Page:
How To Travel Cross-Country
If there was one thing I'd give all the money in the world to do, it would be to going on a cross-country trip - (possibly also interviewing people I meet along the way). Traveling cross-country also seems like a right of passage to me - you haven't fully lived or grown up as an adult until you do so. It was also there in the literature I read - teenagers leaving their homes to travel to some promised holy land, a brief escape from the dreariness that often comes from suburban living. It was there in the music I was listening to - Joni Mitchell and Tori Amos creating songs from a travelogue of memories on the road. There was an ultimate freedom that somehow lived within bends of street corners, and I craved it and still do to this day.
Nowadays, traveling cross-country is still something that fascinates and excites those who dream of adventure. However, everyone seems to have their own idea of what exactly makes for the best cross-country road trip - what route you should take, where you should sleep, or what you should see? While all of this advice is incredibly helpful at times, setting off on the open road can be a daunting and sometimes challenging experience when you didn't exactly get the help you needed. Have you ever thought about budgeting for your trip? How you are going to pay for things like food, gas, miscellaneous purchases like toiletries or the occasional tourist attraction? The good news is, we have done the research, and I have come up with the ultimate guide for setting off on your first cross-country road-trip. Excited? Us to! So sit back, buckle up, and get ready to take off with our guide on how to travel cross-country!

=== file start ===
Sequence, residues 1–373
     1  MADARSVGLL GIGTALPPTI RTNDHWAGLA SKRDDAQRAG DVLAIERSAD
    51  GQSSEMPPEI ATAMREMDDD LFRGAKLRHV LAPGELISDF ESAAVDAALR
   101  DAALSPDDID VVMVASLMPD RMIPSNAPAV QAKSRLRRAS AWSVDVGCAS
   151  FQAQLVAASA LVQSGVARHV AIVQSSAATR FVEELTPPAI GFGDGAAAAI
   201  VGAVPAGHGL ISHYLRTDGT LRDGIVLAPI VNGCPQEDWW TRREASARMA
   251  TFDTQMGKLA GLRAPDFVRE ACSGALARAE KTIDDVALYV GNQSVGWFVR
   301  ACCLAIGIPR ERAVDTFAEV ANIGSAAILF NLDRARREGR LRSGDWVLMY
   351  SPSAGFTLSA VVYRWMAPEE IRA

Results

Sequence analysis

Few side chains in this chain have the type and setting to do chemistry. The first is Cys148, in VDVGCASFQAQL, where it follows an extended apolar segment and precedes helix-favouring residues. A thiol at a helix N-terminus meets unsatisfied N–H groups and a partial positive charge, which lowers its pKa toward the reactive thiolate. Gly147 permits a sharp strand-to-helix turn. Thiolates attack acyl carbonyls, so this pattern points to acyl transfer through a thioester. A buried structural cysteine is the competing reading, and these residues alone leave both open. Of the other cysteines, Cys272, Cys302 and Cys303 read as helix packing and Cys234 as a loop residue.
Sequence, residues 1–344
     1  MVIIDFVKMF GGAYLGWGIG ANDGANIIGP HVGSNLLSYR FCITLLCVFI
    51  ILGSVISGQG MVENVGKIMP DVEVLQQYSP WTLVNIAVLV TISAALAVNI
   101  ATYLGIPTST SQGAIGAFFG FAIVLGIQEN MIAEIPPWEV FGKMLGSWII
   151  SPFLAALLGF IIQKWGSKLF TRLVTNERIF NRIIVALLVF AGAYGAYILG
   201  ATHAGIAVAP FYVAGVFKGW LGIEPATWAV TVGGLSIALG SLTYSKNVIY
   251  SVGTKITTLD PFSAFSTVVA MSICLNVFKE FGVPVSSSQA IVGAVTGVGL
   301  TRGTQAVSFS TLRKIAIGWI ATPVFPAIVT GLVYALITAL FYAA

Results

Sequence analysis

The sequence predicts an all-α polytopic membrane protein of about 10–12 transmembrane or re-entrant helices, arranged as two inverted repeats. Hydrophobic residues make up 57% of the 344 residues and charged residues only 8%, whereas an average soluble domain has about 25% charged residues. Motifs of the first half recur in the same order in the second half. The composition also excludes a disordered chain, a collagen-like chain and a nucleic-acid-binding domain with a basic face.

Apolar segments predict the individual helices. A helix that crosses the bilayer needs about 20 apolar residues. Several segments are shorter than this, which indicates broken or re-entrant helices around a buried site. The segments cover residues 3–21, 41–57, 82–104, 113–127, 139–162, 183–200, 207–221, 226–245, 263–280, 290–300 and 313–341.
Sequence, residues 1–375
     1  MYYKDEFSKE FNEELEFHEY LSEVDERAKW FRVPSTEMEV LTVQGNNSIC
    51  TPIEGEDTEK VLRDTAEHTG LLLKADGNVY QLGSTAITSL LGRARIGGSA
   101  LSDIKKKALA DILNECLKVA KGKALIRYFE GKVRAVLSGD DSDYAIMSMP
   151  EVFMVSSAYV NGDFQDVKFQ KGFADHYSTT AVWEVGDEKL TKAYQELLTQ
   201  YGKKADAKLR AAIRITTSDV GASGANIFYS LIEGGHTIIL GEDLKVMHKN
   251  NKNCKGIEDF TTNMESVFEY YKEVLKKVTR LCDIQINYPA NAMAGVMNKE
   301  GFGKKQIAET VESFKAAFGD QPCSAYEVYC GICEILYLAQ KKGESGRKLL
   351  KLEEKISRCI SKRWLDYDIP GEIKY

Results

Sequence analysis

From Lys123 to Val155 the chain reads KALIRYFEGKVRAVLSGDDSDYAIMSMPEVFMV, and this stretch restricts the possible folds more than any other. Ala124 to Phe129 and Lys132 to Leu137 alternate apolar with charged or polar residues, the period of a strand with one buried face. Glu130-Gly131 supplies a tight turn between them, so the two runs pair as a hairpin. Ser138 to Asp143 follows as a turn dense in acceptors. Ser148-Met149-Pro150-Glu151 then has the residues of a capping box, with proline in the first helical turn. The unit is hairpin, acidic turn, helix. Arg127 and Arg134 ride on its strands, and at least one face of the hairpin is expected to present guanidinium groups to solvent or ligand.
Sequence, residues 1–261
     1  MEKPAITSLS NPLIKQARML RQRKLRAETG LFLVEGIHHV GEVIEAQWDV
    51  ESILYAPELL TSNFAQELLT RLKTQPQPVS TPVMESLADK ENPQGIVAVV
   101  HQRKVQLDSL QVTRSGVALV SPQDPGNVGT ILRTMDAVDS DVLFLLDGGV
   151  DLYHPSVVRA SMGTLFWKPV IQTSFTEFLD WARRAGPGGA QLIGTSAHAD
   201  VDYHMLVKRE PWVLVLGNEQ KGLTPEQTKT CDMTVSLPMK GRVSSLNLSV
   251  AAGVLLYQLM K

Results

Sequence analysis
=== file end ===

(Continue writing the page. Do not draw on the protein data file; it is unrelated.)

How To Budget For A Cross-Country Trip
First Stop On Our Trip - The Bank!
When it comes to traveling cross-country, there are numerous ways to travel around the US while also keeping your cross-country road trip costs down. Whether you want to keep things on the cheaper side or splurge a bit more as you travel, there are always ways to cut your expenses and focus your spending on what matters most to you. That’s the key to successful budget travel: knowing where to save your money and knowing when to spend your money. When you master that, you master travel!
To start, understand exactly what your budget is - do you have only $1,000 to spend, or do you have $6,000 to spend? This difference plays a huge part in the accommodations you may find, what exactly you can do during your down-time off the road, where you eat, and possibly even if you have to skip coffee in the morning because you went over budget!
Plan everything out - create a guide as follows:
- Accommodations: How much money are you willing to spend on lodging?
- Food: Where do I want to eat? Am I okay with eating fast-food everyday or do I want to try something local?
- Drinks: This counts for both water, coffee, tea, alcoholic beverages, and more - drinks can add up quickly when not budgeted properly!
- Gas: Make sure you also underestimate the amount of gas you have - play it on the safer side and allow yourself to fill-up more at a gas station when the time comes.
- Parking: Do you plan on staying somewhere for a couple of days? Or just dropping by, or stopping for a quick bite? Sometimes there might not be a free parking space to drop your car off - be sure to have a little extra cash when it comes to parking.
- Miscellaneous (toothpaste, shampoo, movies, etc.): You will always need to have toiletries - do you want to spend money on your entire hair care regime or just get the basic essentials?
- Attractions: While some places might be free, if you plan on stopping somewhere that is more touristy, you may need to shell out a little cash.
- Public Transportation: Not everyone will need to budget for this, but if you plan on spending a day in the city, need a break from driving yourself, or just need a quicker way to get to a place than by foot, you may need to budget some money toward public transit.